A Spy's Journey: A CIA Memoirby Floyd Paseman
In 1967 Floyd Paseman joined the Central Intelligence Agency following successful service as an army officer in Germany. He was first stationed in the Far East, where he became fluent in Chinese language and culture, and then in Germany, at what was largely considered the agency’s toughest Cold War field posting. Over the years he rose from field spy to… See more details below
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In 1967 Floyd Paseman joined the Central Intelligence Agency following successful service as an army officer in Germany. He was first stationed in the Far East, where he became fluent in Chinese language and culture, and then in Germany, at what was largely considered the agency’s toughest Cold War field posting. Over the years he rose from field spy to division chief and ultimately the top ranks in the Operations Directorate of the CIA.
Paseman details the behind-the-scenes intelligence gathering during the major events of eight presidential administrations from Lyndon B. Johnson through George W. Bush.
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This is a nice memoir that seems to be broken into two sections; first being a candid career story section with the second being more on the historical and analytical side. This work was easy and fun to get into. A sure page turner.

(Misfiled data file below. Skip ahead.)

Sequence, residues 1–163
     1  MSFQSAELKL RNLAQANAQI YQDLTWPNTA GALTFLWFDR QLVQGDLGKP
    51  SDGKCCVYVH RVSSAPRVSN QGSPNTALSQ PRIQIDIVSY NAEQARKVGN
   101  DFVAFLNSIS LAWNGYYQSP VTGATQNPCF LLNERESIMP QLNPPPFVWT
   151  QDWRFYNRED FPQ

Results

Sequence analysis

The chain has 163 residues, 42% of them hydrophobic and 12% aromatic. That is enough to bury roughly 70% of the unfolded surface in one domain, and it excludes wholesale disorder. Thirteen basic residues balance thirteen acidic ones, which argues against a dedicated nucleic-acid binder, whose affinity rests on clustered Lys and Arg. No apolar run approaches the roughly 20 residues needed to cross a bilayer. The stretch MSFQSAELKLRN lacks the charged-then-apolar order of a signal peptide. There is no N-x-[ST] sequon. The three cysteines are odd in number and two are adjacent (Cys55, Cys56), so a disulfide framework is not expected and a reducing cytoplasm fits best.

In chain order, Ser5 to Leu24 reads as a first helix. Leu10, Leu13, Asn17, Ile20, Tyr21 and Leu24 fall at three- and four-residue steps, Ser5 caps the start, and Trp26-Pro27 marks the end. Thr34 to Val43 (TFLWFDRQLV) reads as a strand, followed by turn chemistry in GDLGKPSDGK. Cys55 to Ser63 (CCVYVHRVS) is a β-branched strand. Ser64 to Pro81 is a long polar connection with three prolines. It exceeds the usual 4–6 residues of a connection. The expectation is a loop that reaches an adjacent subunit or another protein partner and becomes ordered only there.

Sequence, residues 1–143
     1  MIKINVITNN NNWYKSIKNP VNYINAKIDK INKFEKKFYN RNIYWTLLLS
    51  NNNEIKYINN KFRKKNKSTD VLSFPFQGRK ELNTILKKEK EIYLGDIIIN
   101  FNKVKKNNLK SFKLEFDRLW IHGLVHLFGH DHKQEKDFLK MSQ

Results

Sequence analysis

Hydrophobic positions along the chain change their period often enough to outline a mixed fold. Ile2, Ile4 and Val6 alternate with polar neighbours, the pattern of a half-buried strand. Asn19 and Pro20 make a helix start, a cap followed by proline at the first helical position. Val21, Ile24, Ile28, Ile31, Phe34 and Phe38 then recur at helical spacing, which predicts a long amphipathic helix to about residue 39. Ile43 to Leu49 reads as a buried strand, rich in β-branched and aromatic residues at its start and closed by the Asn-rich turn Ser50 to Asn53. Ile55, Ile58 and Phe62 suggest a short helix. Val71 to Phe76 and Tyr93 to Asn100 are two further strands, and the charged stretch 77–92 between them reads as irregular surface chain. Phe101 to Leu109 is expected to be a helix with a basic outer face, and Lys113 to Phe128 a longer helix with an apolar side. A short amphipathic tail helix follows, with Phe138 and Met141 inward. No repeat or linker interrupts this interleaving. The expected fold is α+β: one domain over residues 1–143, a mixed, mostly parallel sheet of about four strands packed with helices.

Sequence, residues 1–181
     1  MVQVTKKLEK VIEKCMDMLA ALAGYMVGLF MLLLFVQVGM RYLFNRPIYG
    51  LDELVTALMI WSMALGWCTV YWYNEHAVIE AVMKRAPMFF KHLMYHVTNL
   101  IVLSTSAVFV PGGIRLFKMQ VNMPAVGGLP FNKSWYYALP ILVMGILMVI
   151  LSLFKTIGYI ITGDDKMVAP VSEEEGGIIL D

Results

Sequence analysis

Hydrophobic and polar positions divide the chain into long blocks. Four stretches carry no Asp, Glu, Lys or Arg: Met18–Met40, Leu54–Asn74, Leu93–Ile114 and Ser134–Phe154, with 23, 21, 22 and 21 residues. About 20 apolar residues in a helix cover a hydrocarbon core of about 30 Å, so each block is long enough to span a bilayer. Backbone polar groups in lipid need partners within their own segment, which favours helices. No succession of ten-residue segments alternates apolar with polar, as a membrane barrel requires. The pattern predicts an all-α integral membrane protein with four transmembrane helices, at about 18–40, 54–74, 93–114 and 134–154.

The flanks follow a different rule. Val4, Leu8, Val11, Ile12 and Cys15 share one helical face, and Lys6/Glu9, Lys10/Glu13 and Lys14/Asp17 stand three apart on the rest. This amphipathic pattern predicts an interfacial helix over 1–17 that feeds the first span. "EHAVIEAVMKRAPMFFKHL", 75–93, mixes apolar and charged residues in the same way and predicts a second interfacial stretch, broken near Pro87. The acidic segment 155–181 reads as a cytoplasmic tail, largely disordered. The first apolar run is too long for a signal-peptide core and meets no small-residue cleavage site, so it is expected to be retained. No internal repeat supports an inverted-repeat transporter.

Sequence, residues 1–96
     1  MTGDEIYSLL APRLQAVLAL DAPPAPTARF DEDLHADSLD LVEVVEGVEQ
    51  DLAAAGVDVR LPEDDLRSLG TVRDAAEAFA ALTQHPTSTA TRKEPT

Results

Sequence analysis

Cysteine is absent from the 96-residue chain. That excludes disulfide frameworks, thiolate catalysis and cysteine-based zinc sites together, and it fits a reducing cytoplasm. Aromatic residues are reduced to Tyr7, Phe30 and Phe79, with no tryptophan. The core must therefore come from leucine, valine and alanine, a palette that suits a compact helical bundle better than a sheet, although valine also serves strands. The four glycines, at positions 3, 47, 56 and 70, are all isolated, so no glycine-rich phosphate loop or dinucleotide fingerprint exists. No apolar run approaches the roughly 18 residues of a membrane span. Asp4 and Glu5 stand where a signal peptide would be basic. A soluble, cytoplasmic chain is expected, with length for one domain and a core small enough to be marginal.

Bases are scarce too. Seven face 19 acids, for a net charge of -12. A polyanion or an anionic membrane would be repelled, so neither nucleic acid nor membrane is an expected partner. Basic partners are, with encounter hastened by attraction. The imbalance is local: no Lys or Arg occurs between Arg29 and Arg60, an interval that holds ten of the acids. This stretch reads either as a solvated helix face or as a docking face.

In 'A Spy¿s Journey: A CIA Memoir,' Floyd Paseman, a recently retired senior CIA executive, has provided us with a very useful and highly readable account of his 34 years in ¿The Company,¿ from trainee to senior executive. As he writes of his progressing career as a top spy recruiter for the Directorate of Operations, he guides the reader to other published works about particular eras and controversies over the years 1967 to the present: the astute reader will see that Paseman has written both a primer on espionage craft and a syllabus for an orderly study of the CIA¿s history, with each Central Intelligence Director, from Richard Helms to George Tenet, profiled for their strengths and weaknesses. He also describes the relations between each president and the agency in historical sequence. Importantly, Paseman tells you exactly what¿s right and wrong with the CIA and tells you who is to blame (the Clinton Administration, most recently) and who is to be praised, notably George Tenet for his efforts to revive the craft of intelligence gathering. Was the 9/11 attack an intelligence failure? ¿Of course,¿ he replies and points to our continuing vulnerabilities. If one reads this in conjunction with Michael Scheuer¿s ¿Imperial Hubris: Why the West is Losing the War on Terror,¿ you get a sense for just how complex must be our response to the challenge of Islamist terrorism. And that war is a challenge that cannot be met merely with CIA/military/homeland security operations. Other allies and agencies have to help infiltrate and ¿roll up¿ terrorist cells and networks, while economic and educational initiatives leading towards better career opportunities work to remove ¿fuel from the fire¿ that is angry young Islam. Paseman, recognized in his agency as one of the best recruiters of foreign spies during his years in Taiwan, Japan, Burma, Greece, Thailand, Singapore and Germany; found that one good tool was his ability to form bluegrass bands during his postings. On the home front, he offers tips on how to know what¿s going on inside the shop. His version of ¿the water cooler¿ is to keep one¿s ears open in the company restrooms and to patrol aggressively for coffee around other staff groups: ¿being available.¿ Paseman has a genius for the instructive anecdote and they range well beyond the restroom and coffee pot and the reader will be rewarded richly for perusing Mr. Paseman¿s book.